Seven lessons from the ice bucket challenge. Five lessons from the ice bucket challenge. Social lessons from the ice bucket challenge. Forbes (they have two posts with totally different sets of lessons), HuffPo, Social Media Today (disclaimer: I often write for them), and a host of others have all published pieces giving us useful tips that marketers can pick up from this latest Internet phenomenon. Time it right, keep it simple, mix in celebrities –not sure that part was planned — start local, etc.
I am willing to bet that we will never see a brand or even a charity replicate this. Just like we never saw a brand come close to duplicating the virality of the Harlem shake. Or even It Gets Better.
Though we’re certain to see them try. I won’t be surprised if every charity’s marketing team is meeting this week to come up with their own online stunt. (Just as every brand on social media tried to match Oreo’s dunk in the dark tweet.)
That’s not to say that not-for-profits, brand marketers or their agencies can’t go viral, or take the web by storm — think Old Spice on Twitter — it’s just that they’re likely to miss the two single most important ingredients accounting for the initiative’s success.
It’s not that it was fun, or easy, timed for the summer, or launched locally.
The #icebucketchallenge was started by a person
Not a company. Not a marketer. Not even the charity itself. No one ever planned, or even dreamed, it would get as big as it did. In all likelihood, if it had been launched by a pharmaceutical company that offered treatment, or by a social media platform getting behind the cause, or by the cause itself, it would never have reached such scale.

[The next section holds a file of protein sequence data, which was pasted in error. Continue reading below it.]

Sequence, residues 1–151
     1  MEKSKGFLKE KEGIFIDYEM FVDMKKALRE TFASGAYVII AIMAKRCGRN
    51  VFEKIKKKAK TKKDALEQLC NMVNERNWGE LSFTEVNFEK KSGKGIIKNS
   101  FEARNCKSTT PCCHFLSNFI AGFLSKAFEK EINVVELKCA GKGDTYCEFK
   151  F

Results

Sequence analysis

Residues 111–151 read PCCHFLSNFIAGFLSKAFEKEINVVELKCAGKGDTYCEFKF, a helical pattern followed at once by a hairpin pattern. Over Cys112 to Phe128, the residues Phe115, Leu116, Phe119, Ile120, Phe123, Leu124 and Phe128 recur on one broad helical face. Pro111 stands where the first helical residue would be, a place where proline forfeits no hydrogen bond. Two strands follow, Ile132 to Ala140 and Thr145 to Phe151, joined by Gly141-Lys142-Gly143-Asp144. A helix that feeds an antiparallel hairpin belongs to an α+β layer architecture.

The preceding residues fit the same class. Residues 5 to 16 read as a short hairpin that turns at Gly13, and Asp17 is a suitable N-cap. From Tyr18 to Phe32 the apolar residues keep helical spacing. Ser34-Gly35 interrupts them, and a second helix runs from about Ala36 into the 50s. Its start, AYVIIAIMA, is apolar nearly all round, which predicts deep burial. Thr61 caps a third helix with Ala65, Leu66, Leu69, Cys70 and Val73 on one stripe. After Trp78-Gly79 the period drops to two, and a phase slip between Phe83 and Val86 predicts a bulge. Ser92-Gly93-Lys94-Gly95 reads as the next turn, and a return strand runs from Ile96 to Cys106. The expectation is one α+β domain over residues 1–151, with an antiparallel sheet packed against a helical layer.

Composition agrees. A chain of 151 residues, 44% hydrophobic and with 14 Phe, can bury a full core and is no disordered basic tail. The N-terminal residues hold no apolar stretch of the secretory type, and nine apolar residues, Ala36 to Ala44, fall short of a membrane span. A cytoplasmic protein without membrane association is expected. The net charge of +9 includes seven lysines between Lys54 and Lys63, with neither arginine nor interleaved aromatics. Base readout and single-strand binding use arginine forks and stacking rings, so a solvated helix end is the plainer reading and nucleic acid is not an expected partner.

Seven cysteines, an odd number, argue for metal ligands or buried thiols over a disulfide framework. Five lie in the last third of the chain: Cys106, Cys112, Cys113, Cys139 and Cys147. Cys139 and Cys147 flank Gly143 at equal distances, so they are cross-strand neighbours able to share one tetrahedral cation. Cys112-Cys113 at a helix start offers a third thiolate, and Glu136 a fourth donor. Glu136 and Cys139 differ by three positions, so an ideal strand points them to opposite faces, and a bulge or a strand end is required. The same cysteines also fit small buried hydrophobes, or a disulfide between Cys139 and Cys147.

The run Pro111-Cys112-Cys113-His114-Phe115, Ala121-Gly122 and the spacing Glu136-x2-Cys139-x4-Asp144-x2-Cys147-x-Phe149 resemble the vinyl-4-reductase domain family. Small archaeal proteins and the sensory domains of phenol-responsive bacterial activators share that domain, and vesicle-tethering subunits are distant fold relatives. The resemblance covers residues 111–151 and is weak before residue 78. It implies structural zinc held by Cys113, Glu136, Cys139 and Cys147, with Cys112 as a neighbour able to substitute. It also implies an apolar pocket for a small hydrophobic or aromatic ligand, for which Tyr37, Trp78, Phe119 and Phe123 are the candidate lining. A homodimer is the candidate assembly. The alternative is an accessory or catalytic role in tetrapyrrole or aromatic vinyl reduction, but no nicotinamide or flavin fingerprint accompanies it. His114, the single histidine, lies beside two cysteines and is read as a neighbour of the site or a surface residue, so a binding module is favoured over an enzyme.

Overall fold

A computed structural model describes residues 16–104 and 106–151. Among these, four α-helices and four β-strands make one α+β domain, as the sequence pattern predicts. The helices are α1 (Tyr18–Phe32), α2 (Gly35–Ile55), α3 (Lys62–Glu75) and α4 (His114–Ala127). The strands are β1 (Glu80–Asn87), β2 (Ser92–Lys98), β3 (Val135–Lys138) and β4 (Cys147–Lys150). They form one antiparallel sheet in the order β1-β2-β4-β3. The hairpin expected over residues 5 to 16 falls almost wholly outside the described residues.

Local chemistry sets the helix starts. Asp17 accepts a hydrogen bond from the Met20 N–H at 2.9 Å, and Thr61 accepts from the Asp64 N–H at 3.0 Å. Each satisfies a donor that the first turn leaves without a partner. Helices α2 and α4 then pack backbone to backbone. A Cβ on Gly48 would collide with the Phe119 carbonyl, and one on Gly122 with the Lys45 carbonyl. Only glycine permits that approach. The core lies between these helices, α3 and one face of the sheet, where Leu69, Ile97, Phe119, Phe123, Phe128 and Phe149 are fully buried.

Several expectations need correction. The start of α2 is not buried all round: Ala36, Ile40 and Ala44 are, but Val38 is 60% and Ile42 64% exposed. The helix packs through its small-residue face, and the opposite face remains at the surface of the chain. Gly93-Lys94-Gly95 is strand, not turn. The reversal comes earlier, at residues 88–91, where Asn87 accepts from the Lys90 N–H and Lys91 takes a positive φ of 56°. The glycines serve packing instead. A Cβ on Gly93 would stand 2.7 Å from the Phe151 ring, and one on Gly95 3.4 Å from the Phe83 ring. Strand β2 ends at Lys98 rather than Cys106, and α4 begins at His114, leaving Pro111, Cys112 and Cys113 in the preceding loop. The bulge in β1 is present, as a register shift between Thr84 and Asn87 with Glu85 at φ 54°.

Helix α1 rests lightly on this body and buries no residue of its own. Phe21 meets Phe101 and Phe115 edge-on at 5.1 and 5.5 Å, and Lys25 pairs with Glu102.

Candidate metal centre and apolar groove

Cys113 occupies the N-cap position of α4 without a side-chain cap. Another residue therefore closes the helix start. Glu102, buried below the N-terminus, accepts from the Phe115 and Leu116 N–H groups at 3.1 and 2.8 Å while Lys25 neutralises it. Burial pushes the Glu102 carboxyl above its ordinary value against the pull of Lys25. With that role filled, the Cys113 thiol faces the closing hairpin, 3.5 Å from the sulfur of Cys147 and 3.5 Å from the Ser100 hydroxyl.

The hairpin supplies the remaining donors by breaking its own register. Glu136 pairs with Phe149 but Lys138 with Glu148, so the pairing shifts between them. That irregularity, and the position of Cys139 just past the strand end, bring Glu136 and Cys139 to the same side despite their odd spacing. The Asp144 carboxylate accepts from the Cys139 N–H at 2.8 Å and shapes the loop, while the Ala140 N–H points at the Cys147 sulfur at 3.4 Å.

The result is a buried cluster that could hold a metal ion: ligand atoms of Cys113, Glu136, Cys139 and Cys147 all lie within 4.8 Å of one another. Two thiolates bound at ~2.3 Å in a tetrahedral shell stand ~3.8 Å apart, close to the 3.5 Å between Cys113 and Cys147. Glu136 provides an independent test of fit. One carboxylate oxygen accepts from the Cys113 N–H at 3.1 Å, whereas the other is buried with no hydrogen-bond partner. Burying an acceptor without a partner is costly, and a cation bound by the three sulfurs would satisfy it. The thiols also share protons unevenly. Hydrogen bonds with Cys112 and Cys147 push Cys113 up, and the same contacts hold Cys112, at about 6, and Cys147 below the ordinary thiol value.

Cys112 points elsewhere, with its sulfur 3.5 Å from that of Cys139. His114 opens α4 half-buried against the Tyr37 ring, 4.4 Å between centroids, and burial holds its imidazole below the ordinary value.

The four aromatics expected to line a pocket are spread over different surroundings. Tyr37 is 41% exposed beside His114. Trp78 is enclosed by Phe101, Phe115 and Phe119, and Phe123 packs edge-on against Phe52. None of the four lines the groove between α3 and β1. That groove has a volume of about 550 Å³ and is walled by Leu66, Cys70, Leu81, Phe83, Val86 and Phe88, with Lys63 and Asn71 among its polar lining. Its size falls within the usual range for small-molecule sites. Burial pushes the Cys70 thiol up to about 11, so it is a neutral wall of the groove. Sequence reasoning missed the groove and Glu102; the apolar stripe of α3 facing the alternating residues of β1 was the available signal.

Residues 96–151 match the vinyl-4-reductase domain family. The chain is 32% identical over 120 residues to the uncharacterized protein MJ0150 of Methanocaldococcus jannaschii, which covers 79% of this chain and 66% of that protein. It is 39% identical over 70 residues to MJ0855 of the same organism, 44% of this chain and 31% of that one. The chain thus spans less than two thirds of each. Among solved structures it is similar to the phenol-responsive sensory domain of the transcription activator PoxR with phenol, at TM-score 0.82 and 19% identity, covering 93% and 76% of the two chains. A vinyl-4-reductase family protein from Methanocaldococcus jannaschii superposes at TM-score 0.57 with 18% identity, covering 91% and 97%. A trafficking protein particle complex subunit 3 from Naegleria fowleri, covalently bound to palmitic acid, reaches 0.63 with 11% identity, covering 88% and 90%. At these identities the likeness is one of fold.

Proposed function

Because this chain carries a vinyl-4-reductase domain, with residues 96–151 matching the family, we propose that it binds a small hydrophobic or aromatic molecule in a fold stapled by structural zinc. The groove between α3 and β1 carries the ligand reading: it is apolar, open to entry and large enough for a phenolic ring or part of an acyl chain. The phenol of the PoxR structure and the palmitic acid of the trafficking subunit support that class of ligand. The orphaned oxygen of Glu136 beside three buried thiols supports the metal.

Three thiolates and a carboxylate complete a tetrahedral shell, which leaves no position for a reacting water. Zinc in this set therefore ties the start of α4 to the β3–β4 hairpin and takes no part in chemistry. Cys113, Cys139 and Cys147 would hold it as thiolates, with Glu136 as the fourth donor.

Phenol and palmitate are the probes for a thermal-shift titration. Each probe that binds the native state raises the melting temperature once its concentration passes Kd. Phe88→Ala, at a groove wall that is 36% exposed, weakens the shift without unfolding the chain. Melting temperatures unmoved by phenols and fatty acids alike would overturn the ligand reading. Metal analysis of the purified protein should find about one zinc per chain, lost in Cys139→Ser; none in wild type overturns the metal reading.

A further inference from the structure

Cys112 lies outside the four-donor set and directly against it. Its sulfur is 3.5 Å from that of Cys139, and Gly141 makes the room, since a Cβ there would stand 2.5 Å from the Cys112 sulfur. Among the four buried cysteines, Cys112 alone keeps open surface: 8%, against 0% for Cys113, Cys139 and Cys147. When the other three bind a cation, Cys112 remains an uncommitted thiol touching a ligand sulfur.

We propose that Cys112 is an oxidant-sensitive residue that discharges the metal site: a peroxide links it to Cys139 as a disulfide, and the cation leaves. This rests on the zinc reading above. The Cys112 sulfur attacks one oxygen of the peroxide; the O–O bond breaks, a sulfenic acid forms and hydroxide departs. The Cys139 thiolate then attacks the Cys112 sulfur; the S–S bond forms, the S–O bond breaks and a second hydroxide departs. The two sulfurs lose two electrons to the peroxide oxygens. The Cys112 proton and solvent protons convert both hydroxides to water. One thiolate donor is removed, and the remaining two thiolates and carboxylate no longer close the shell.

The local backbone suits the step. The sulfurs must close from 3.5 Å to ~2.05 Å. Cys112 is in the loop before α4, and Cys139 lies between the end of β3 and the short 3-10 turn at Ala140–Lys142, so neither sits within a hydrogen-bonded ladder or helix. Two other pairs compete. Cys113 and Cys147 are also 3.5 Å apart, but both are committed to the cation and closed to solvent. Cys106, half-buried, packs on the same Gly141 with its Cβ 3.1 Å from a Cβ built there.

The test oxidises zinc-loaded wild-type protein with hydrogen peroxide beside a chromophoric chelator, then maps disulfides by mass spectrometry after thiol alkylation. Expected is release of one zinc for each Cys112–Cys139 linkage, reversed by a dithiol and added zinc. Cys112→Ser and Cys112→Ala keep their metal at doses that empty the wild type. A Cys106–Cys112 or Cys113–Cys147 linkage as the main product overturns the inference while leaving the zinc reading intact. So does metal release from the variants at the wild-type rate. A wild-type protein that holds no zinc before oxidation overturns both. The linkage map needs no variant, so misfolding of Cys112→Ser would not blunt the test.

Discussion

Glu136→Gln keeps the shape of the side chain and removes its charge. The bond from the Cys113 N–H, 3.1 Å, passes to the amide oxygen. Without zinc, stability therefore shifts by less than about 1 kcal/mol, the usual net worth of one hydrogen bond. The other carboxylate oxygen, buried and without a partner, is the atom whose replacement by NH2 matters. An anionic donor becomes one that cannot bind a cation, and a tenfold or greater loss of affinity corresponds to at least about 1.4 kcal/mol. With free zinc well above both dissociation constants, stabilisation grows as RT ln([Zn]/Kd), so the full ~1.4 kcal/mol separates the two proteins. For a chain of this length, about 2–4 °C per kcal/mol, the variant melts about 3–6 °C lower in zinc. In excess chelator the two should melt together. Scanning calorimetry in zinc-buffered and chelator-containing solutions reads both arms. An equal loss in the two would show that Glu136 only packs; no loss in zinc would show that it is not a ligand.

After all, most of us aren’t on social media to connect with brands. We’re online to connect with each other. And when we do share ideas and content with our communities, it’s not because we like the brand or the message, it’s because we like our community and our friends. So we are doing them a small favor. Turning them onto something.
It tapped perfectly into the “me” trend.
This is the second reason the challenge went viral. One could argue that dumping ice water on your head and sharing on in your stream would never have attracted so many participants if we weren’t in the midst of the “me” moment, epitomized by the selfie obsession.
It’s not that I want to question anyone’s motives, but let’s face it, this craze is as informed by a desire to showcase oneself doing a fun/dumb thing as it is to raise money for ALS. That’s fine, by the way. After all it’s working to the tune of $40 million-plus in donations. But understand what motivates people.
In this case, the ask and a cultural-defining trend were perfectly aligned. If they weren’t, would the outcome have been the same?
Social media is great for stuff like this. Starting small, spreading joy, creating a community, sharing and joining. And I look forward to the next time this happens. I just hope we don’t have to endure endless attempts on the part of copycat marketers who miss the real reason this worked so well.